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Hasidism Beyond ModernityEssays in Habad Thought and History$

Naftali Loewenthal

Print publication date: 2020

Print ISBN-13: 9781906764708

Published to Liverpool Scholarship Online: February 2021

DOI: 10.3828/liverpool/9781906764708.001.0001

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The Ba’al Shem Tov’s ‘Sacred Epistle’ and Contemporary Habad Outreach

The Ba’al Shem Tov’s ‘Sacred Epistle’ and Contemporary Habad Outreach

(p.53) Chapter Two The Ba’al Shem Tov’s ‘Sacred Epistle’ and Contemporary Habad Outreach
Hasidism Beyond Modernity

Naftali Loewenthal

Liverpool University Press

Abstract and Keywords

Historical processes often revolve around ideas, and ideas are formulated in texts. This chapter investigates the way a somewhat mysterious phrase in a letter of the Ba’al Shem Tov became the key to the development of the outreach ethos in twentieth-century Habad.

Keywords:   Jewish society, Hasidism, Hungarian ultra-Orthodoxy, Ba'al Shem Tov, talmudic, rabbinic, kabbalistic

HISTORICAL processes often revolve around ideas, and ideas are formulated in texts. This chapter investigates the way a somewhat mysterious phrase in a letter of the Ba’al Shem Tov became the key to the development of the outreach ethos in twentieth-century Habad.

THE POPULAR VERSION of the Ba’al Shem Tov’s ‘Sacred Epistle’ (‘Igeret hakodesh’)1 includes the famous passage in which, entering the heavenly palace of the messiah during a mystical ascent of the soul, the Ba’al Shem Tov asks, ‘When will you come?’ The answer given is, ‘At the time when your teaching is … revealed in the world, and your wellsprings gush outwards … and [others] too are able to make [mystical] unifications [yihudim] and [mystical] ascents [aliyot] like you.’ The text continues: ‘I was shocked at this; I was very upset that the time until this could be was so long.’

The passage in the manuscript version published by Yehoshua Mondshine, which Immanuel Etkes accepts as authentic in his important book on the Ba’al Shem Tov, is more or less the same.2 By contrast, in the manuscript version published by David Frankel and discussed by Mordechai Bauminger, the messiah’s reply is much shorter: ‘Once your Torah will have spread through the whole world, etc.’ The idea remains that the coming of the messiah depends on the (p.54) spread of the Ba’al Shem Tov’s teachings, but the crucial phrase ‘gush outwards’ is missing.

It is this phrase—present in all the other versions of the letter—that became the key element of the process discussed here. There has been much scholarly debate concerning the different versions of the letter, raising such questions as what the Ba’al Shem Tov’s exchange with the messiah might tell us about the Ba’al Shem Tov himself, how it might have been understood by the early hasidic followers, and how it related to the much-discussed issue of messianism in hasidism.3 However, my focus is on how a few words from this eighteenth-century text gradually became a central motto for followers of the Habad-Lubavitch school in the twentieth century, generating a major change in the direction of the movement.

Habad Hasidic Teachings and the Ba’al Shem Tov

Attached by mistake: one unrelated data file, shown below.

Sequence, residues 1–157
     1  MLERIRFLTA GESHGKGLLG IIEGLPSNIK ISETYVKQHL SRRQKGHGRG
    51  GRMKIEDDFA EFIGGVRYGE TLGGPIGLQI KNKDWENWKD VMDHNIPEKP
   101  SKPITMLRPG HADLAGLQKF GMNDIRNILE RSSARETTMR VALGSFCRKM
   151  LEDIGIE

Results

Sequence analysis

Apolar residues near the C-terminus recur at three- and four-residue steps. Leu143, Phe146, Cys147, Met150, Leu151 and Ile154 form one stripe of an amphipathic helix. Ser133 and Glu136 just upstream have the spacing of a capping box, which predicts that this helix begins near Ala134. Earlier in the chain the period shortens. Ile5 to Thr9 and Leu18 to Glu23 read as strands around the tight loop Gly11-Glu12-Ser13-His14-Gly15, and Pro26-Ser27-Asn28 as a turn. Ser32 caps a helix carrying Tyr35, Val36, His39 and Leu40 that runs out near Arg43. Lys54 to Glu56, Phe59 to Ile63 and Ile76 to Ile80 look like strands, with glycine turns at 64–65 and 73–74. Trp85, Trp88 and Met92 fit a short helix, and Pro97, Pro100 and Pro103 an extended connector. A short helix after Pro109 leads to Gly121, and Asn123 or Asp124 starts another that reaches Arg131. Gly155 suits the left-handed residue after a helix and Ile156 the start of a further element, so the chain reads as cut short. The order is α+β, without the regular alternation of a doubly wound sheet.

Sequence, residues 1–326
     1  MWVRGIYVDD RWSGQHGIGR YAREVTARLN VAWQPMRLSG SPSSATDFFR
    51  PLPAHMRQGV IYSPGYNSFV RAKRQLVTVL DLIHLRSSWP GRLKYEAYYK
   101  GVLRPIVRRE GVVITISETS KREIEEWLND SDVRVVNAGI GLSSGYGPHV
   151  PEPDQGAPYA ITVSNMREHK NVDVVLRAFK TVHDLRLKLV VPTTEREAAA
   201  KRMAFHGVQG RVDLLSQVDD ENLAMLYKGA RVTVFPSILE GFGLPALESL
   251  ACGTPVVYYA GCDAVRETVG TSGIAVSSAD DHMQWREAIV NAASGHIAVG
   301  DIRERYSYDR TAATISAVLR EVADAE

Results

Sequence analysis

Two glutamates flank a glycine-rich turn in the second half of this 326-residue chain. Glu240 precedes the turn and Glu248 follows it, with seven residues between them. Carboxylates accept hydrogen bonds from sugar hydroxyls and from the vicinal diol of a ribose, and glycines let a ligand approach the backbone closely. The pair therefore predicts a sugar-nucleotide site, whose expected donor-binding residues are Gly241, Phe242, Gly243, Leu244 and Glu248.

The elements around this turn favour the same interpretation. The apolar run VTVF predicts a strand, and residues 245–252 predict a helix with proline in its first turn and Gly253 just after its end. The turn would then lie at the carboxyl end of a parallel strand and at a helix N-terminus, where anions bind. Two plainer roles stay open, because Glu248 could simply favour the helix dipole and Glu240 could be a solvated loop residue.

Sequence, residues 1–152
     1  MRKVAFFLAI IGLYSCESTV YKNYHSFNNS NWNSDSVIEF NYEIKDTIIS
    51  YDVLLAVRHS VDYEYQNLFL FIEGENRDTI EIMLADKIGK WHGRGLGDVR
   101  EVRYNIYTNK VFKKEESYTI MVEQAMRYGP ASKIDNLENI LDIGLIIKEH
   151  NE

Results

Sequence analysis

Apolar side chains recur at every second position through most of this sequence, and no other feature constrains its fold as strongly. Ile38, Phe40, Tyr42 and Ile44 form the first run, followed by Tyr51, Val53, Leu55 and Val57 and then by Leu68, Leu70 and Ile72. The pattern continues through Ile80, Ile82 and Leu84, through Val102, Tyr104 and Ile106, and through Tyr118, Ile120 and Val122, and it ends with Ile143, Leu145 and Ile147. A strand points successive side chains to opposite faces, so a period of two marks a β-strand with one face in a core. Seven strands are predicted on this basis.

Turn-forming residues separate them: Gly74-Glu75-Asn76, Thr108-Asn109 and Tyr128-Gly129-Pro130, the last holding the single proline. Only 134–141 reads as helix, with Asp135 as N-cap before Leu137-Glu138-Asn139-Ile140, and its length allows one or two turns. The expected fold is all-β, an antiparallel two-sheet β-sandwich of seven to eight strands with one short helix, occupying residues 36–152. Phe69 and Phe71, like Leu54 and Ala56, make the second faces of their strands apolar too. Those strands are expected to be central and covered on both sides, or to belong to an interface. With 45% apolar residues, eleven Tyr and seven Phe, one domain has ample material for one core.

In early Habad, the study of mystical teachings in the form of Habad texts was strongly encouraged for all followers. As Rachel Elior has shown, Hayim Vital had already given a forceful impetus to the communication of kabbalistic ideas, and Habad was committed to this from the outset, distinguishing itself from most other hasidic schools by the emphasis it placed on the personal study of mystical teachings, which its followers were expected to utilize in contemplative prayer.4 This was a point of serious conflict with other hasidic leaders, such as R. Abraham of Kalisk, who thought that ‘too much oil [i.e. mystical teachings] will extinguish the lamp’.5 The Habad approach was certainly influenced by the general tenor of this passage in the Ba’al Shem Tov’s letter, but the key phrase was not actually quoted in the main published writings of early Habad, such as Rabbi Shneur Zalman’s Tanya, although there is a tradition that one of the approbations to this work hints at the goal of spreading the wellsprings.6 Surprisingly, the phrase is also not cited in the polemical letters between Rabbi Shneur Zalman of Liadi and R. Abraham of Kalisk around the beginning of the nineteenth century, which debate the issue of the communication of esoteric hasidic teachings.7 However, there is an allusion to it in a letter by the senior Habad hasidic figure Rabbi Pinhas Reizes (p.55) Shick of Shklov (d. c.1825), which he wrote in 1813 to raise support for Rabbi Dov Ber as successor to his father Rabbi Shneur Zalman, rather than the rival candidate, Rabbi Aaron Halevi Horowitz (1766–1828).8 R. Pinhas stated that ‘Basic to the nature of his son [i.e. Rabbi Dov Ber] is the concern to spread the wellsprings to the outside through the hasidic teachings.’ This seems a clear reference to the Ba’al Shem Tov’s letter, and an affirmation that the endeavour to spread hasidic teachings ‘to the outside’ is a desired attribute in whoever might be chosen as leader.9 The first discussion of it that I have found is in the covenantal talk to the temimim, the students of the Lubavitch yeshiva, given by Rabbi Shalom Dovber Schneersohn, the fifth Rebbe (1860–1920), on the festival of Simhat Torah in 1900.10 It is also the central theme of a talk given in Lubavitch on 19 Kislev 1907 by Rabbi Shalom Dovber.11 It is noteworthy that this Habad leader is said to have kept in the drawer of his desk a volume of Keter shem tov, a collection of teachings ascribed to the Ba’al Shem Tov, in which the letter appears on the first page, together with two other volumes of hasidic teachings which he would frequently peruse.12